2. Why do call centre staff mumble when talking on the phone? I’ve noticed that when overseas customers make the same complaint, companies here are quick to dismiss it as racial prejudice. However, I am an Indian and if I cannot understand what call centre staff say over the telephone, the problem has to be with the service agent and not the customer.
  3. Be it inbound or outbound calls, the staff do not clearly introduce themselves – name or company. In one government owned, telephone company, the call centre staff were all named after the late Michael Jackson’s children! And no, I don’t have a sense of humour.
  4. Going back to my internet service provider, the area manager had recorded my complaint. After that I got call after call asking me to repeat my complaint. When asked why, I was told the complaint had not been clearly recorded.
  5. The staff have no problem-solving skills. Because they do not listen/know how to listen, customer service staff (front office or call centre) are unable to take decisions and provide solutions. Therefore, the complaint has to be ‘escalated’ up the organizational pyramid until the customer reaches a senior enough manager who can do both.

What annoys me is that these are companies that spend lavishly on marketing. Which is fine. Only, the marketing has to be backed up by good customer service. I wonder if India, Inc is aware that their businesses lose nearly $2.5 billion annually because of poor customer service. For more statistics read the article, India loses Rs 11,640-cr a year on poor customer service: study published by the Business-Standard in August 2009.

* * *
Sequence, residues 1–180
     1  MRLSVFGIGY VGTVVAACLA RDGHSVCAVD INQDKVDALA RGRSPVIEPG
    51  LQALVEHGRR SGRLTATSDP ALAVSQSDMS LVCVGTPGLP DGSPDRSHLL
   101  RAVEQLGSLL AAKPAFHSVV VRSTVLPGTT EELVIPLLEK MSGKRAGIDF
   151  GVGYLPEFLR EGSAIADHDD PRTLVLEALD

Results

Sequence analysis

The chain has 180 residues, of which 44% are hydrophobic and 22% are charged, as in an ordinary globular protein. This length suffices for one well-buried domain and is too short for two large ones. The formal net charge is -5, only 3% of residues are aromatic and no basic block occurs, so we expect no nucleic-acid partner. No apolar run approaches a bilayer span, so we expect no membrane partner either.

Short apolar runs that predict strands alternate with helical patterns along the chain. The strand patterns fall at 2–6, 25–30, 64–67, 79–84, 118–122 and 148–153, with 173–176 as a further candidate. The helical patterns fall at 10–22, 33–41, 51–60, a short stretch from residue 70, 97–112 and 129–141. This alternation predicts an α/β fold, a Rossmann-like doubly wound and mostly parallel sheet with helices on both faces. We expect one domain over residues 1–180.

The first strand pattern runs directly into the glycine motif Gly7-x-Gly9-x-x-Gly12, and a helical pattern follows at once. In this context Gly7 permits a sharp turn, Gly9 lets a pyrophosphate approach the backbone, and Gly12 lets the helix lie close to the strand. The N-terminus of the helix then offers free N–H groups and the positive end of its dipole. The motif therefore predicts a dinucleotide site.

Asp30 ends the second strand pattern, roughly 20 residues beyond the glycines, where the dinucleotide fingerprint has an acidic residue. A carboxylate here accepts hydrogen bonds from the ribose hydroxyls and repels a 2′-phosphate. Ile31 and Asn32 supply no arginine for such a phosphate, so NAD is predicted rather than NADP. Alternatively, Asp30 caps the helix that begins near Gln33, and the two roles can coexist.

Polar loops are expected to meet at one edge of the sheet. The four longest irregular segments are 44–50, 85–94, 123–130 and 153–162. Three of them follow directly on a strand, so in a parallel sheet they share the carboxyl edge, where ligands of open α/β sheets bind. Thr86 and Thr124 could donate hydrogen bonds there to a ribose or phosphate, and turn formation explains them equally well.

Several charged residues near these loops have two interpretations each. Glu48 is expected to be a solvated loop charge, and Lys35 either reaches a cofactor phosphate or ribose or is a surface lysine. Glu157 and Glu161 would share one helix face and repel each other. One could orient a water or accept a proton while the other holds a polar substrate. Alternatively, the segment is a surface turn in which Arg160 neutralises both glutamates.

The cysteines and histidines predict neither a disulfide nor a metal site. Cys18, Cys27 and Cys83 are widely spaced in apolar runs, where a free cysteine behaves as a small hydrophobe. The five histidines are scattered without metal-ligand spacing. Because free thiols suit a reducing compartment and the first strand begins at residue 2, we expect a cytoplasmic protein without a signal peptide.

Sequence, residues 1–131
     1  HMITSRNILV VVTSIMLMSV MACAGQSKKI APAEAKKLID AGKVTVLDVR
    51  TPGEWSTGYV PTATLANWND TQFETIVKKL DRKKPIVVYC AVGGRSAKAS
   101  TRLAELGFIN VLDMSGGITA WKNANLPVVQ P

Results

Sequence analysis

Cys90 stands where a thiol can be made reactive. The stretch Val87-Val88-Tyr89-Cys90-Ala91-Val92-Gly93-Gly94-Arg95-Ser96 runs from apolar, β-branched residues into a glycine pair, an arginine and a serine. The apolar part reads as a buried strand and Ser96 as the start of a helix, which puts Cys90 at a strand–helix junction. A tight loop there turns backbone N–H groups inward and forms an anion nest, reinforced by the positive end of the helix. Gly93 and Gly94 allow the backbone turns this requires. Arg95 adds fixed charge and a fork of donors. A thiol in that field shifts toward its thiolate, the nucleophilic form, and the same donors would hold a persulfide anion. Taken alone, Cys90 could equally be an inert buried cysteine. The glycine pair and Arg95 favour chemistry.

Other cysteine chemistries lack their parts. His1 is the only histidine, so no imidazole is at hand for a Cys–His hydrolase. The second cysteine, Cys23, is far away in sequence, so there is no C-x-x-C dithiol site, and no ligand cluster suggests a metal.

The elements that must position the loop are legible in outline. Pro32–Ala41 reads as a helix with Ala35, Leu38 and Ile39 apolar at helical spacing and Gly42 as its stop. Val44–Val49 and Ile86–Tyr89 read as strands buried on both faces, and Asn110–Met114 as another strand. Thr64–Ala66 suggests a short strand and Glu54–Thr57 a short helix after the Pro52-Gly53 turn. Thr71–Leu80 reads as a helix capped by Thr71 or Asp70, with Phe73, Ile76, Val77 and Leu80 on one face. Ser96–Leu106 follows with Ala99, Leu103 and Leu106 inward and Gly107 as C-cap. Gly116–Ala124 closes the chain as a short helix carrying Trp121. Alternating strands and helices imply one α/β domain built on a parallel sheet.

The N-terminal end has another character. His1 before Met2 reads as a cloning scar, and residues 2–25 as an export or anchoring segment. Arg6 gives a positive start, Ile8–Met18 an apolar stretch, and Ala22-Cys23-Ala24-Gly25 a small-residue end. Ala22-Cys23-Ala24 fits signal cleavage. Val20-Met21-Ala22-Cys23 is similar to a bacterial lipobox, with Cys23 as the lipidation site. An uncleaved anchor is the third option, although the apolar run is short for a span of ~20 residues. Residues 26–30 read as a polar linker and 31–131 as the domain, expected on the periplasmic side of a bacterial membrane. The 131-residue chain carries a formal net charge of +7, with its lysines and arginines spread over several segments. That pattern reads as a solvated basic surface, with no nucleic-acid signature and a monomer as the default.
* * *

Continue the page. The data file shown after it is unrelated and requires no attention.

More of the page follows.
Good customer service requires well trained staff. Here training providers are as much responsible as companies for the inadequate training being offered. All too often I come across training material that promises much in its objectives, but the content fails to cover the basics of customer service. There is much theory and little practical training. (I suppose, this approach to learning spills over from our education system which values theoretical knowledge over practical application.) As I advised the staff at the internet service outlet, “What you expect as a customer, do that for your customers.”

Companies meanwhile, are unwilling to invest in the time, effort, and expense required to develop quality training material. But then if the cost of poor customer service is Rs. 11,640 crore per annum, it is time for companies rethink their training budgets and their approach to training.

Since I had been commenting on communication and HR discussions on LinkedIn in the last two weeks, I decided to initiate a discussion on Ineffective communication. I wrote: